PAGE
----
Dial the number of the Deep Ellum Center for the Arts, and a recording tells you it's no longer a working line. Step into the cavernous Commerce Street space on an upcoming weekend night, though, and you will discover the center is still very valuable in its dying gasp. Between Pancho Villa and a Naked Woman, the latest English premiere by Teatro Dallas, is the last phrase on its lips, and what a farewell. The experience of seeing the production is sad and stimulating, a reminder of what the city scene is losing but a reinforcement of exactly how much committed theater artists can do in a performance space that has significant drawbacks.
In her last show, The Devil's Sonata, Teatro's artistic director Cora Cardona took that jerry-rigged shoebox in the basement of the Majestic Theatre and managed to summon intoxicating theatrical effects from awkward, claustrophobic surfaces. She faces in many ways the opposite challenge with the center--how to rivet the attention with so much floating, echoing space all around--and emerges, along with her frisky cast, victorious. Some would call it a Pyrrhic victory, given that Dallas is about to lose yet another performance venue, but Cardona proves that Teatro Dallas is not near death. It's an itinerant creative entity that, having proved its mettle perambulating between revamped rehearsal rooms and high school auditoriums, deserves a resident space.
Is anyone--the city or a private patron--in a position to help? Prospective rescue parties are encouraged to take in Between Pancho Villa and a Naked Woman for further evidence of how Cardona, her husband and Teatro lighting artist, Jeff Hurst, and the actors they choose galvanize the well-intentioned if often plodding concept of "multiculturalism" with sex, death, wit, and lyricism. Undertaking its second production of the poet, journalist, and playwright Sabina Berman, Teatro Dallas looks at how restrictive gender roles are often rationalized and justified by history. Gina (Jacquelyn Poplar) is a smart woman living in contemporary Mexico City who--surprise!--makes really dumb decisions when it comes to romantic assignations. She is right now dallying with Adrian (Scott Latham), a married journalist who is researching and writing a book on the peasant hero of the Mexican Revolution, Pancho Villa. Adrian is a swaggering runt who says all the right things when he's around--problem is, he tends to disappear for weeks and months. The Pancho Villa book is something of a shared project between the two, if only because Gina has agreed to type up the material. So Villa comes between the pair of them in the form of Pocket Sandwich Theatre regular Donald McDonald, a sneering, mustachioed bandito who offers love advice, Play It Again, Sam-style, to Adrian. And what does the man who had five wives, innumerable lovers, and countless kids have to say about getting a 21st century professional woman to do what you want? Ravish her or hit her, but bring her under thumb.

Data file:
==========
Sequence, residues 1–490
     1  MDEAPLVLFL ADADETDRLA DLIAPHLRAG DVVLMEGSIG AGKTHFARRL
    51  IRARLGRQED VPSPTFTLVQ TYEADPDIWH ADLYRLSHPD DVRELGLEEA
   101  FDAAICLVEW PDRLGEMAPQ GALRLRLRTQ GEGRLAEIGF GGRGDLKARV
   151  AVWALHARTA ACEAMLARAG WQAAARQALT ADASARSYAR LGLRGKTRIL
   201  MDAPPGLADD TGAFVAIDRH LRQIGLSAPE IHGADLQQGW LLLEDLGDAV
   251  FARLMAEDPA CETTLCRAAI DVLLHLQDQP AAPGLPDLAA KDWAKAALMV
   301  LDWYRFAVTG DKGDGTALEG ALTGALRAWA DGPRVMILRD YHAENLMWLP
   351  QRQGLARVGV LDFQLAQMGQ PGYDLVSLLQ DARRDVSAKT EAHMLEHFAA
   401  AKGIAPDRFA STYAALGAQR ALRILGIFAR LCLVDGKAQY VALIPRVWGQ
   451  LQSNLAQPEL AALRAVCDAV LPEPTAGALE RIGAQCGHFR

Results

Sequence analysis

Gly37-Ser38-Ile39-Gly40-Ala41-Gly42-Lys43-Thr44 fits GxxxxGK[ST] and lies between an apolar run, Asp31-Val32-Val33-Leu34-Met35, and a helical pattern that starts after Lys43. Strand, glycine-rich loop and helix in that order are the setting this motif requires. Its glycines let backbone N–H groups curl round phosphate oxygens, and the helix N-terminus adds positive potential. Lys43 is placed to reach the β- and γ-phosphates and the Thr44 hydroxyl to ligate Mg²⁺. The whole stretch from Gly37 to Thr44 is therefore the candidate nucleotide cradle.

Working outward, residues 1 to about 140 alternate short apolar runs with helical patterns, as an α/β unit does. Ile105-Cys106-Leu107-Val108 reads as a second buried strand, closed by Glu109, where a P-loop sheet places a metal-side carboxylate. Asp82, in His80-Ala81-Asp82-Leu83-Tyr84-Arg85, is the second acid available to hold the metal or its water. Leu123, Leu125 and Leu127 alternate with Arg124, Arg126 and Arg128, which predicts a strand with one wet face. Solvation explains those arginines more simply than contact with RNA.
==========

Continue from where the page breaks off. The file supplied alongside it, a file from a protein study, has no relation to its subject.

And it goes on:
The way Adrian rationalizes his own irresponsible cavorting by submerging himself cerebrally in the conquests of a legendary macho revolutionary is the burning ember that keeps the comedy glowing, especially in the second act, when his broken promises start to have consequences. Poplar, lately of the Alley Theater and Stages Rep in Houston, makes a smolderingly distracted Gina. She is shoved back and forth between Adrian and Pancho and finally into the arms of Ismael (Eliud Castillo), a man who is too outrageously unmanly--at least, in the eyes of the other two men--to deserve her. Jeff Hurst's marvelous light flourishes--from flickering campfires to bursts of lightning--sweep in at critical moments of conflict inside the characters. We eventually realize that Villa's traditional macho teachings are screwing both Gina and Adrian. Yet neither can completely reject the allure of the conqueror. There's a certain dangerous appeal in being subjugated, Sabina Berman teasingly reminds us, and that's true whether you're a woman who holds on proudly to her identity or a man who attempts to adopt someone else's.
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